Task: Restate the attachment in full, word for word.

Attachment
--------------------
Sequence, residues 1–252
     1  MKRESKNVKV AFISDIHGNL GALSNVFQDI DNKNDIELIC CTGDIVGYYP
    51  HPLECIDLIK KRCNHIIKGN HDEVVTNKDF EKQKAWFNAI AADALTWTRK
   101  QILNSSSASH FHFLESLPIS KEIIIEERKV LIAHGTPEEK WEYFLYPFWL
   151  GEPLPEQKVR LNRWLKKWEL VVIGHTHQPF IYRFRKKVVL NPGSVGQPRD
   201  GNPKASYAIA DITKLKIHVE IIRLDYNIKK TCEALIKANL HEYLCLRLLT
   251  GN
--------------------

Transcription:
Sequence, residues 1–252
     1  MKRESKNVKV AFISDIHGNL GALSNVFQDI DNKNDIELIC CTGDIVGYYP
    51  HPLECIDLIK KRCNHIIKGN HDEVVTNKDF EKQKAWFNAI AADALTWTRK
   101  QILNSSSASH FHFLESLPIS KEIIIEERKV LIAHGTPEEK WEYFLYPFWL
   151  GEPLPEQKVR LNRWLKKWEL VVIGHTHQPF IYRFRKKVVL NPGSVGQPRD
   201  GNPKASYAIA DITKLKIHVE IIRLDYNIKK TCEALIKANL HEYLCLRLLT
   251  GN